Nanotechnology Initiative

Mission

Academia, industry and government collaboration to bring novel nanotechnologies to market through life cycle analysis and risk assessment along with stakeholder engagement, decision making and education.

Objective

The Jordan Valley Innovation Center (JVIC) at Missouri State University along with Brewer Science, Inc. (Rolla, Mo) is working on a cooperative agreement with funding provided by the U.S. Army Engineer Research and Development Center – Environmental Laboratory (ERDC-EL) on “Advancing Carbon Nanomaterials-Based Device Manufacturing through Life Cycle Analysis, Risk Assessment, and Mitigation.” This program aims to safely develop and deploy nano-enabled technologies (NETs) for military, industry, and consumer applications. Nanomaterials have a wide range of interesting properties that have potential applications in sensor technology, biomedical monitoring, energy generation/storage, displays, lighting, and lightweight ultra-strong composites to name a few.

JVIC’s corporate partner, Brewer Science, Inc. (BSI), has developed printable carbon NET-based sensors for temperature and humidity monitoring as well as strain sensors for structural monitoring. One potential application of BSI’s temperature and humidity sensors is to monitor a soldier’s health, where observing temperature and humidity helps to determine whether a soldier is suffering from dehydration or is experiencing stresses on the body that can be linked to the body’s temperature change. BSI’s strain sensors are of interest to monitor structures such as the nation’s bridges. A crucial part of the nation’s infrastructure is the viability and reliability of bridges that experience stresses on a daily basis, and monitoring of such structures is of importance, especially with respect to safety. Other NET based sensors are also under development that can be utilized in chemical and biomedical application.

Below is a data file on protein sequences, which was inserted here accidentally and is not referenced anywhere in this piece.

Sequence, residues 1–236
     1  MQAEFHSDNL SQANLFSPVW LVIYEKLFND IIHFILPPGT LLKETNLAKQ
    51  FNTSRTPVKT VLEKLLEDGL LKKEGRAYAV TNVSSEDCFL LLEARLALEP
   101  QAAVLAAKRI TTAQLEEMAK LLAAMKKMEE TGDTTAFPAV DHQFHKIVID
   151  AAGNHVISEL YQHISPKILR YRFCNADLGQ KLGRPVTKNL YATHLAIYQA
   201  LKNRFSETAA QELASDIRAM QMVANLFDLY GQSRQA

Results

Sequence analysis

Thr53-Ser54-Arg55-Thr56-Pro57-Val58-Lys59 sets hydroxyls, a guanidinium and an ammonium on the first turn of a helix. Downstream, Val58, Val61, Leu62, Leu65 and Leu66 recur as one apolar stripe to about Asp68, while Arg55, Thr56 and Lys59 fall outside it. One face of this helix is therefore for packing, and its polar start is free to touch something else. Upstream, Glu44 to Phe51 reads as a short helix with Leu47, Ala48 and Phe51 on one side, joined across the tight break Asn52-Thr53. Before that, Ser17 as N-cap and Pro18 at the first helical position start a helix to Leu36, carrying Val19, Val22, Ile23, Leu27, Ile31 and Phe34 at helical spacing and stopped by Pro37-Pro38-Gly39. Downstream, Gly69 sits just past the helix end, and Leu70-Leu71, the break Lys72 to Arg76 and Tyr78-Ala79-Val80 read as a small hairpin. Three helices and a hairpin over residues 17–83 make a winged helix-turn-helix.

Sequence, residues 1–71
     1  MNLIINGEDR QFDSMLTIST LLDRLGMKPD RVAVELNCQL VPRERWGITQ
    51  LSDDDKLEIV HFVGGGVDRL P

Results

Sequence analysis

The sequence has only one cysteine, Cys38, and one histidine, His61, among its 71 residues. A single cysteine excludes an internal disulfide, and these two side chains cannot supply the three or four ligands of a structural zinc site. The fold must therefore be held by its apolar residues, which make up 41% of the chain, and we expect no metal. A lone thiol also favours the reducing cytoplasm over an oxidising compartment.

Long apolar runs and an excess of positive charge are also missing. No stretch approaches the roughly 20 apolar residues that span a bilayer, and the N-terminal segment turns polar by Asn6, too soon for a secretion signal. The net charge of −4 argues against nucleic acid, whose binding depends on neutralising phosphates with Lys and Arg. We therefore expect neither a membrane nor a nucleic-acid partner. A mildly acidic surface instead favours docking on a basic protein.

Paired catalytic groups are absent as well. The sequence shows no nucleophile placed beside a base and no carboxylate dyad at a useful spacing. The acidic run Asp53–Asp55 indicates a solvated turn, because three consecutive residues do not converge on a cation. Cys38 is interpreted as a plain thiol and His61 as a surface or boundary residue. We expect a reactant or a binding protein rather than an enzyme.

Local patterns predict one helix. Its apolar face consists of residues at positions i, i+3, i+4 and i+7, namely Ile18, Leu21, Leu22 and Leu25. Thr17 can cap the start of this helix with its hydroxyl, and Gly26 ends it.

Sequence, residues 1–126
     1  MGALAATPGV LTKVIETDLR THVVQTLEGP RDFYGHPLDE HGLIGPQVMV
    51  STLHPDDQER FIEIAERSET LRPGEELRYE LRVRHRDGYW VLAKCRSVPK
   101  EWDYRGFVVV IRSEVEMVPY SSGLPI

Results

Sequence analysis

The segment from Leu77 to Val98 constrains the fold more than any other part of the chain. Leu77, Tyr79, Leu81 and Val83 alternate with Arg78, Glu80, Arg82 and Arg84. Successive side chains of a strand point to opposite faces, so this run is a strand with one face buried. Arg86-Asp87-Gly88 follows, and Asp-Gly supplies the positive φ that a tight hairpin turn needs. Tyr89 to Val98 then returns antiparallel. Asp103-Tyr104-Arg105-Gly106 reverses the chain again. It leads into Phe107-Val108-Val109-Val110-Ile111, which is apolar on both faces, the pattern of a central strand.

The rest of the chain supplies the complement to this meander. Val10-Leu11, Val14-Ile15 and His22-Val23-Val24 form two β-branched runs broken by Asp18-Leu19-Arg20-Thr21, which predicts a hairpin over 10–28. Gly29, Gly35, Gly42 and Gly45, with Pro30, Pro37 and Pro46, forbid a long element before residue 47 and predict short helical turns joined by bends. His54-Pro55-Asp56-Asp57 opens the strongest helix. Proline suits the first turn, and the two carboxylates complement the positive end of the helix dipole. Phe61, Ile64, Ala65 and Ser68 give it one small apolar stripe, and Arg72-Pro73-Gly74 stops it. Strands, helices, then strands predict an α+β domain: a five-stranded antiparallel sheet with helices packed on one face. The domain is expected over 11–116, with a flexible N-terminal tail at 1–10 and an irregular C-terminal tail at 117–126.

Due to the small sizes of nanomaterials they could easily be absorbed through natural barriers such as the skin and cell walls and could pose a potential risk to both living organisms as well as the environment. Therefore it is crucial to determine the potential risks as well as the environmental impact of such technologies by employing a “cradle-to-grave” environmental life cycle and risk analysis that covers the early stages of nanomaterials and technology development, materials and device manufacturing, consumer product deployment, and finally end-of-life disposal/recycling. This analysis is key to minimizing, mitigating, or even eliminating the human and environmental risks that may be associated with the NET-enabled products.